Another step taken towards fluoride in water - despite protests

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HEALTH chiefs in Hull have agreed unanimously to further investigate controversial plans to add fluoride to the water supply of more than 340,000 people to address some of the worst rates of tooth decay in the country.

Hull Council’s Cabinet is expected to rubberstamp the Health and Wellbeing Board’s recommendation at a meeting on November 28.

The proposal, which would affect up to 87,000 people in the East Riding, has already caused an outcry. Today around 20 people demonstrated outside the meeting, claiming studies implicate fluoride in serious illnesses.

But officials believe it is the best way of tackling poor dental health, along with other measures including supervised brushing. Nearly 38 per cent of five-year-olds in Hull have tooth decay (six per cent down from 2011/12) and around 400 youngsters a year have to have teeth removed at hospital under anaesthetic.

Officials accept the rate is improving, but say it is not fast enough.

The meeting heard that two options had been explored in an initial study. The first - costing £1.6m - would use treatment plants at Tophill Low and Keldgate in Cottingham, to add fluoride to Hull’s water supply, with an “overspill” affecting around 87,000 people. Villages including Anlaby, Willerby, Cottingham, Dunswell, Hessle and the Holderness plain up to Hornsea could be affected but Beverley would be excluded.

The second “more technically challenging” option would require four “dosage centres”. It would reduce the numbers getting fluoride added to their water but would cost £2m. Both carry running costs of around £330,000 a year, paid for by the councils.

The Lib Dem opposition will claim in a motion tomorrow that it amounts to “mass medication” and that there has been a “total lack of transparency.”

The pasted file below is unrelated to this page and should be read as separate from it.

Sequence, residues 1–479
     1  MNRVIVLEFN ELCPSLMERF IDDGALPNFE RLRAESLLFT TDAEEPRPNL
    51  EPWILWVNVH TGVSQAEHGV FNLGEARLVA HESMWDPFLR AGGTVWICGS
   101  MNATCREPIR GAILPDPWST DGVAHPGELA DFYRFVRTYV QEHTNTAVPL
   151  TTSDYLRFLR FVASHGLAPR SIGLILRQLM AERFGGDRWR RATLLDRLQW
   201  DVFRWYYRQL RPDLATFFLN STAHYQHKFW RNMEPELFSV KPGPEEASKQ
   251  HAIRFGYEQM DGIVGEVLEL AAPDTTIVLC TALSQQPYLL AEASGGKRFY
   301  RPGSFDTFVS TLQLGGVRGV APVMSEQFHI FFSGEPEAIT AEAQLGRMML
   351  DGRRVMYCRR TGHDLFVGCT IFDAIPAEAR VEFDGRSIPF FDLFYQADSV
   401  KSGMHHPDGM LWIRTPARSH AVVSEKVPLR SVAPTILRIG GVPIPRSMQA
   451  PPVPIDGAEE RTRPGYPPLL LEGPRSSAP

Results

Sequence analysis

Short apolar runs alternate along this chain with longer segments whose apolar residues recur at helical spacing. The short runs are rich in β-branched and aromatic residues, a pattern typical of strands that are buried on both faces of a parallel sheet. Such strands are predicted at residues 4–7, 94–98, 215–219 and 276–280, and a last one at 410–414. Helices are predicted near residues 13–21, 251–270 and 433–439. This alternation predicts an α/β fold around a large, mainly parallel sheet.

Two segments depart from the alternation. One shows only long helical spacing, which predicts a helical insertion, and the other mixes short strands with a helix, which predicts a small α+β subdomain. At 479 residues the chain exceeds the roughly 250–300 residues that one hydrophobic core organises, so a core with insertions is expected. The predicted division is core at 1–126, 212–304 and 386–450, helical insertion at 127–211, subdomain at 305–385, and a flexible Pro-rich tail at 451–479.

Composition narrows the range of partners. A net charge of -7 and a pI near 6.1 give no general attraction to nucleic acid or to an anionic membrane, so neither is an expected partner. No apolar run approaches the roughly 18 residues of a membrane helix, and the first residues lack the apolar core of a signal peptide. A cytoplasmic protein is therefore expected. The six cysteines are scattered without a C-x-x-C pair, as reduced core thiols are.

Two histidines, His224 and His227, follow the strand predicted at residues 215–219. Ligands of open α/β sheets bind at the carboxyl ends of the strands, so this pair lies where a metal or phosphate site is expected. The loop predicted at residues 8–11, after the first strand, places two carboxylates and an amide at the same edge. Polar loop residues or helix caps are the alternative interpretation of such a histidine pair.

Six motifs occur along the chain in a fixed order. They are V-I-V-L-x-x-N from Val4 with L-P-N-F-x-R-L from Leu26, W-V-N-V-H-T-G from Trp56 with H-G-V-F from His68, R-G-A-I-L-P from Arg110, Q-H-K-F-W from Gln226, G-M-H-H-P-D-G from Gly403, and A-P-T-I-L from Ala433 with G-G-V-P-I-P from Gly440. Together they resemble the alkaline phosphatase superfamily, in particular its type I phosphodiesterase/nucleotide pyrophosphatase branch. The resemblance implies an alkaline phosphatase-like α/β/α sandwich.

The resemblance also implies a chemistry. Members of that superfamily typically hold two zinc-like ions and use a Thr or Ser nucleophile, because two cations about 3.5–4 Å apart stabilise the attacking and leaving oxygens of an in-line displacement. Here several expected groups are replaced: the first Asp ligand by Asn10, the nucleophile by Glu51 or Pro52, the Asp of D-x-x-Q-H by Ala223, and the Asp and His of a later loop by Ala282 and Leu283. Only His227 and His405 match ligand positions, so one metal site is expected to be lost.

But chair of the health and well bring board Coun Colin Inglis told The Yorkshire Post: “No reputable medical organisation or scientific body has said anything other than it is safe and effective. Lack of transparency is nonsense. It has been in the forward plan for months. It is not medication, it is a naturally occurring mineral, which is in water anyway - just not at the optimum level.” Coun Inglis added: “If the East Riding objects we can’t make them pay for it. They get a free ride as they often do on the back of Hull.”

The next stage is to ask Yorkshire Water to come up with an “operable and efficient scheme”. Hull Council would also inform East Riding Council, who get three months to respond, before a minimum of three months of public consultation begin. A final decision would rest with Health Secretary Jeremy Hunt.

The plans will be discussed by scrutiny councillors on Friday. Chair Coun Coun Danny Brown said: “It is absolutely crucial we go through proper consultation. I want to ensure before we make a decision that we have all the information, for and against.”

John Pickles, of Hull for Pure Water, said: “It is an endocrine disruptor, it’s terrible for the thyroid and really poorly targeted because children who really need this don’t drink water from the tap. It misses the target.”

And campaigner Joy Warren insisted councillors needed “to read round the subject more.” She added: “It’s a multi-factional issue, involving human rights, medical ethics, human health and big money.”